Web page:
could  refer the matter to the Northway court to conduct  further
child custody proceedings.12
          Given  the plain language of John I and John II, it  is
clear that we believed that the custody and support matters  were
separate and that the transfer of the former to the tribal  court
did not entail the transfer of the latter.
     B.   The Superior Courts 2001 Order
          Following  our  remand in John II, the  superior  court
referred  the matter to the Northway tribal court.   John  argues
that  this  referral included child support.   But  the  superior
courts  order  specified that [t]his matter is  referred  to  the
Northway   Tribal   Court  to  conduct  further   child   custody
proceedings.  This language clearly indicates that child  custody
and not child support were referred to the tribal court.
     C.   The Tribal Courts Original Order
          Once  the  superior court concluded that  its  previous
order  did  not  refer  child support to  the  tribal  court,  it
          considered Johns argument that Northways 1995 custody order
included  a  support order and that the superior court  ought  to
extend  comity  to that order.  The superior court observed  that
the  tribal  court  required that each  parent  help  each  other
financially   and instructed the parties not to   hit  the  other
with  child  support.    The superior court  concluded  that  the
tribal  courts  two statements do not constitute a valid  support
order.   Because  the court concluded that there  was  no  tribal
support  order  to  which  it  could  grant  comity,  the   court
determined that its own previous support order was the only valid
order and that it retained jurisdiction over child support.
          We  agree.  Although a tribal child support order  need
not  match  the  format of a support order issued by  the  Alaska
courts,  it  must,  at  a  minimum,  be  concrete  enough  to  be
enforceable.   Northways order does not state a  specific  dollar
amount  and  provides no criteria by which to judge  whether  the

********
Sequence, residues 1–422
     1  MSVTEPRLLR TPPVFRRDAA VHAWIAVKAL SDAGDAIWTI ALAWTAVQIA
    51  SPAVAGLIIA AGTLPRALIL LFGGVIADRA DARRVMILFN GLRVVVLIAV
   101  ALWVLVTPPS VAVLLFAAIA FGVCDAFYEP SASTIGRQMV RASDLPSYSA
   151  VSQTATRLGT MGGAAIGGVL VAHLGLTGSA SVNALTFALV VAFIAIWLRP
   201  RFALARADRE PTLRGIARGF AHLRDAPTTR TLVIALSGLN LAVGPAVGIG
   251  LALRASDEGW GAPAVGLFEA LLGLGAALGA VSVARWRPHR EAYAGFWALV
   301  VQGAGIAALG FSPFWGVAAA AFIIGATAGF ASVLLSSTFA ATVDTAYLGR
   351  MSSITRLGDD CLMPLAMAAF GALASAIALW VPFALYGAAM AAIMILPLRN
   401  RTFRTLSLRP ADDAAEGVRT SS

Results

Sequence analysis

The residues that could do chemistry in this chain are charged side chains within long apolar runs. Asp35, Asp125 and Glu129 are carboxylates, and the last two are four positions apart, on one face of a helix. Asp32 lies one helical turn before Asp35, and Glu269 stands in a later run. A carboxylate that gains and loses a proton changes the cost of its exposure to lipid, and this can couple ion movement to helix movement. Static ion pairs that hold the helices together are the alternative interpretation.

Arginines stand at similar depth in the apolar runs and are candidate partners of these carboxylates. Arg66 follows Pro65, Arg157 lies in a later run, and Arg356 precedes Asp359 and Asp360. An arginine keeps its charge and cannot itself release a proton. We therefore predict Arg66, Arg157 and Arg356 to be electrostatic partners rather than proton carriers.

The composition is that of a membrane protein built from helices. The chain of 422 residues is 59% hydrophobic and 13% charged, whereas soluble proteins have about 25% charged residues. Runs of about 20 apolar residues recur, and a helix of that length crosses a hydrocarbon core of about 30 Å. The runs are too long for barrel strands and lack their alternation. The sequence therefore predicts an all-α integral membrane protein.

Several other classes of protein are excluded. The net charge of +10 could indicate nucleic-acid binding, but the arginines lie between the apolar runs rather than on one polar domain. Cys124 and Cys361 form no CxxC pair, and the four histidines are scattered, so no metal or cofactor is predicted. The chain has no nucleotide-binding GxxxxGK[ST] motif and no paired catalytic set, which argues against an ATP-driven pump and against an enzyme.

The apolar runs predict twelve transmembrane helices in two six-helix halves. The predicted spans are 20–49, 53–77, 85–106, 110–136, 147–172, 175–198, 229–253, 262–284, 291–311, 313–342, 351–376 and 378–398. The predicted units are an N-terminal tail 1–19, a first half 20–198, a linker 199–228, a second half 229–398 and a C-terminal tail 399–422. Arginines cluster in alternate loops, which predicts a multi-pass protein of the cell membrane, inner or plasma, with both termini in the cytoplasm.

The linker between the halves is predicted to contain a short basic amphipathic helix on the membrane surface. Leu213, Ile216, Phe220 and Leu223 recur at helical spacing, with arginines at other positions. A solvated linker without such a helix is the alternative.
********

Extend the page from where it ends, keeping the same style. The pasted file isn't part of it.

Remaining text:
parties  were  fulfilling their obligations.  We therefore  agree
with  the  superior court that Northways 1995  order  was  not  a
recognizable child support order to which the court could  extend
comity.
          This  interpretation is supported by Northway  Villages
own assessment of its 1995 order.  In one of the amicus briefs it
filed  in  John  I, Northway Village itself maintained  that  the
tribal  courts  1995  order  did  not  include  child  support.13
Although  we  generally apply de novo review when interpreting  a
court  order,14 we think that where an order has  issued  from  a
foreign  jurisdiction it is appropriate for us to  consider  that
jurisdictions   interpretation  of  its  own  order.    Northways
interpretation  supports our understanding  of  the  tribes  1995
custody order.
          We  also note that, given the procedural posture of the
case,  it  would not have been proper for the superior  court  to
refer  any  ongoing issues of child support to the tribal  court.
The  superior  court  was never presented with  a  motion  either
requesting that comity be extended to the tribal courts  putative
support  order  or requesting that the superior court  relinquish
its  ongoing  jurisdiction and allow the tribal court  to  assume
jurisdiction  over  child support.  Rather, the  division  merely
asked whether the superior court retained jurisdiction over child
support.  Because no formal request for comity had been made  and
the issue of child support had not been referred to Northway, the
superior court correctly determined that it retained jurisdiction
over  child support.  Accordingly, we affirm the superior  courts
conclusion  that  the division could enforce the superior  courts
child support order.15
IV.  CONCLUSION
          For  these   reasons,  we AFFIRM  the  superior  courts
decision  that  it retained jurisdiction over child  support  and
that the division has authority to enforce that order.
_______________________________
     1     John  has married and is now Anita Adams.  To maintain
consistency, we refer to her by her prior name.

     2    John v. Baker, 982 P.2d 738, 759 (Alaska 1999).

     3    Id. at 765.

     4    John v. Baker, 30 P.3d 68 (Alaska 2001).

     5     While the comity issue was pending before the superior
court, we considered another appeal in this case.  John v. Baker,
No.  S-09556  (March  29, 2001). Although that  appeal  concerned
child  support,  it  is  not relevant to our  resolution  of  the
present appeal.

     6    533 U.S. 353 (2001).

     7     The  proper  interpretation of  a  court  order  is  a
question  of  law  to  which we apply our  independent  judgment.
E.g., Bennett v. Bennett, 6 P.3d 724, 726 (Alaska 2000).

     8    John I, 982 P.2d at 744.

     9    Id. at 743-44.

     10    Id. at 765.

     11     Id.  at 764 n.185 (Fabe, J., for the court)  and  802
(Matthews, J. dissenting).

     12    John II, 30 P.3d at 78.

     13     Amicus R. Br. of Native Village of Northway, John  v.
Baker, No. S-08099, filed May 26, 1998, p.8.

     14    State, CSED v. Wetherelt, 931 P.2d 383, 387 n.4 (Alaska
1997).

     15     Our  resolution of the case on this ground  makes  it
unnecessary  to express any opinion on other issues addressed  by
the superior court and raised by the parties.